The first piano teachers were Olga Rogach and Alexander Korsantia. The road eventually took him to the Juilliard School for the teachings of Robert McDonald and then the renowned Emanuel Ax.
“When I was little, I just played without the systematic classical technique that Rogach then put in order and opened my finger position. With Korsantia, I found my voice and my musical passion. McDonald gave a final touch to my technique by teaching me how to play with less effort. Ax again is a musical mentor and friend, with whom I am in constant contact."
Melemed has always been interested in a variety of things. He wanted to study computer science and languages, and initially he wanted to do a double major. "Music took me down the road, though, but I believe that having options is good for any musician,” he says.
An important milestone in his career is December 13, when he makes his New York debut at Carnegie Hall in Weill Hall.
It was a prize at the Juilliard School. Melemed likes unusual programming, and this concert is exactly that.
The program begins with one of Bach's Preludes and Fugues, then followed by those by Mendelssohn and Shostakovich. Then there are the Sonatas of Scarlatti, Beethoven and Medtner, as well as suites by Bach, Bartók Poulenc and the Israeli-American contemporary composer Avner Dorman.
“The red thread is metamorphoses of musical forms throughout the centuries,” Melemed explains. “In the case of the Preludes and the Fugues, I also wanted Mendelssohn, whose work is not well known. The archivist at Carnegie Hall doubted they had ever been performed there.”
“Sonatas begin with their simplest, Scarlatti’s short AABB-shaped works. Beethoven, on the other hand, excitedly condensed the later three-part established form into his two-movement Sonata in F Major Op. 54.
It's one of my favorite Beethoven sonatas, though practically the least played. Medtner, on the other hand, compacted the form into one movement, organically bringing together Russians and Central Europeans.”
Melemed became acquainted with Avner Dorman's music during a piano competition where he played the composer's etudes.“ They were tremendously difficult, quickly jumping around the keyboard, and even notes running in mirror image backwards at the halfway point; a bit like Ligeti. After hearing the performances, the composer came to admit that he couldn't play them like that himself, and I ended up recording them,” he says.
“The third sonata I play at Carnegie Hall is influenced by techno, and the second sonata has Messianic and jazz echoes. I like this multi-style, and I plan to commission a piano concerto from him soon.”
Spiritual native music
Melemed's ancestors are Russian-Jewish, and he has begun to find these roots more and more in his concert programs. Often, concerts include greetings from America - and Finland.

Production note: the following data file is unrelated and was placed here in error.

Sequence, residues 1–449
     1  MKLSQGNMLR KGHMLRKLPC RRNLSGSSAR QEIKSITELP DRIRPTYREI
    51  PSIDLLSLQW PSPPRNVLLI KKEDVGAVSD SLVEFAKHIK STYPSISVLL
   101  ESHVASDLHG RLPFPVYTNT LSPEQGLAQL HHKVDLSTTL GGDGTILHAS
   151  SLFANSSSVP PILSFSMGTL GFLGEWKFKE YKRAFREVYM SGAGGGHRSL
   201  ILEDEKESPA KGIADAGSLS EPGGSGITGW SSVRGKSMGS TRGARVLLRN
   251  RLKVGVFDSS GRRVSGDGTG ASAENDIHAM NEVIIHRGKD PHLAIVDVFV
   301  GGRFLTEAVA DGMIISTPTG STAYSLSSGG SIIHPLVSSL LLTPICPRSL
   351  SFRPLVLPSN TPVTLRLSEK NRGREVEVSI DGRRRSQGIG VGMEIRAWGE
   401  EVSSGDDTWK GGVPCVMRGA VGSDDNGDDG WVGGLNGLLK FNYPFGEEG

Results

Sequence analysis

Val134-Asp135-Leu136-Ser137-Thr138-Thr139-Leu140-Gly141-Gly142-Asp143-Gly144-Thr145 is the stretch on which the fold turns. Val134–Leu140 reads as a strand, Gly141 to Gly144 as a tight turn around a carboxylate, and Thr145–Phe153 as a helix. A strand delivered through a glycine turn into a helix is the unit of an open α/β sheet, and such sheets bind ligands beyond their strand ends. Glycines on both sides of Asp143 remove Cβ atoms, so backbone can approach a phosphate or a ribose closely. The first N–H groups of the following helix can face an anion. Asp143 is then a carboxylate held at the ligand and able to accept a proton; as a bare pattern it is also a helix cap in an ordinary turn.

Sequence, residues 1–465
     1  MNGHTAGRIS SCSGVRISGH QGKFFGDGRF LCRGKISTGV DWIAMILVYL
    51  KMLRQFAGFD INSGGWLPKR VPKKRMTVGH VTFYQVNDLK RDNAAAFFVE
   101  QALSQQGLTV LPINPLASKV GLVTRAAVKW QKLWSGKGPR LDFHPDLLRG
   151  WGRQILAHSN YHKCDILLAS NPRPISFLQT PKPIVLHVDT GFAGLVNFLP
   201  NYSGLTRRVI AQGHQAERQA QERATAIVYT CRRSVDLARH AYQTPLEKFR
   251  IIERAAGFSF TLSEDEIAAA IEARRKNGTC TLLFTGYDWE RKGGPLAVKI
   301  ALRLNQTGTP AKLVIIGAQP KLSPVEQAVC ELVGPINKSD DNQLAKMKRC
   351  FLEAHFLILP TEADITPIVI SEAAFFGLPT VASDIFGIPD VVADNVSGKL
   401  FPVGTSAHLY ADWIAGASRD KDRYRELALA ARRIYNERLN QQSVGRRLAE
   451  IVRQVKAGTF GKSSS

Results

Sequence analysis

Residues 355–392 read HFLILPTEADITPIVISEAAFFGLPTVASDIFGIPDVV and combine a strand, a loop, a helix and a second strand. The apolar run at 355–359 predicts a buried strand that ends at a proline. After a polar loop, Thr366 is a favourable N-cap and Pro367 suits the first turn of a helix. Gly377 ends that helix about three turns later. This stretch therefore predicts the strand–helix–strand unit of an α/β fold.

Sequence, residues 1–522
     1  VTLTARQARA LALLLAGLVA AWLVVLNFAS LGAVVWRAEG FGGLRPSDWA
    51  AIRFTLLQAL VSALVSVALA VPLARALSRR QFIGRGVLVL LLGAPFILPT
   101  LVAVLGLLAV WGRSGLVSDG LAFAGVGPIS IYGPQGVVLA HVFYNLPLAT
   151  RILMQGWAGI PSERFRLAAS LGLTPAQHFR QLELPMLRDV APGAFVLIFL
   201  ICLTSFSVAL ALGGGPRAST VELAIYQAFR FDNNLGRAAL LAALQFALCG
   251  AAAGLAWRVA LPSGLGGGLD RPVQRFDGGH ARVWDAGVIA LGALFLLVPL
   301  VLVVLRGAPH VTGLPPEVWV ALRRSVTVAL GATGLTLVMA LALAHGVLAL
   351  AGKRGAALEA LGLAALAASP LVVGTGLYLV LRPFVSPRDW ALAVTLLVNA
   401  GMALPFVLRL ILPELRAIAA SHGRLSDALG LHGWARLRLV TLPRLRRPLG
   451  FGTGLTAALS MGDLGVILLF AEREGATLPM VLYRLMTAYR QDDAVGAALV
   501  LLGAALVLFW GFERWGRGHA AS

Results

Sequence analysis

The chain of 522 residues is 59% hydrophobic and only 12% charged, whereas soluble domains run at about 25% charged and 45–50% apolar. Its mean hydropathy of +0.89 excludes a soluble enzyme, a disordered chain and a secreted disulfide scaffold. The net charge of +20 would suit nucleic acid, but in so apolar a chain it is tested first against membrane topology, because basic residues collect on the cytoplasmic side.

“I feel that playing Russian repertoire is at the same time my journey. In Kauniainen I remembered both American expats and natives. As an encore I played the Horowitz “Stars and Stripes Forever” arrangement. It was a thank you to my first teacher who would perform it every year at the annual 4-Piano Gala in my hometown." Finnish music at Melemed's concerts has mostly been represented by Sibelius with his small songs, but he has also played Palmgren's River Concerto and plans to bring in more Palmgren.
“And possibly Aarre Merikanto and Einar Englund, whom Matti Raekallio recommended to me. I am also inspired by French culture - I speak French and my cousin has lived in the country for a long time. This is how the links are formed; things that are close to me.”
With the Kuopio City Orchestra, he played a new concerto by South Korea’s Jeajoon Ryu last season, which he also recorded with the Ralf Gothóni and Sinfonia Varsovia.
“I want to highlight works that deserve to be heard. In competitions, the same dozen works rotate year after year. It grabs both the jury’s and the audience's attention to open up the piano repertoire wider. And it doesn't hurt my career: From performing the Ryu Concerto, I got my foot in the door in both Poland and Korea and I played at Warsaw’s National Philharmonic Hall without making the finals of the Chopin competition!”
Melemed's 17 Finnish entry stamps are quite numerous, given that he has not been to Chicago or New Orleans at home. When talking to him, it turns out that he knows almost half of the Finnish music scene. "I can't walk around Helsinki Music Center for long time without seeing a familiar face,” he admits.
“Finns seem to have a certain sense of community as a resource. Let's take a look at the brilliant types of young piano academics who are competing with each other, but who also seem to have fun with each other and encourage each other.”
Melemed started teaching at the age of seven when he was teaching his friends' parents who wanted to learn how to play the piano. Well, he does not take this as a merit now, but nowadays, he has begun to inspire students at the Helsinki and Turku Conservatories.
“I don't want to tell students how they should do things, but to give different paths to the structure and lines of the music.
Of course I can say what I would or would not do. All of what I have learned different teachers, is part of me. I can spread this forward and offer an extra push to the performer according to what each piece requires from the artist. The time for actual teaching will come.”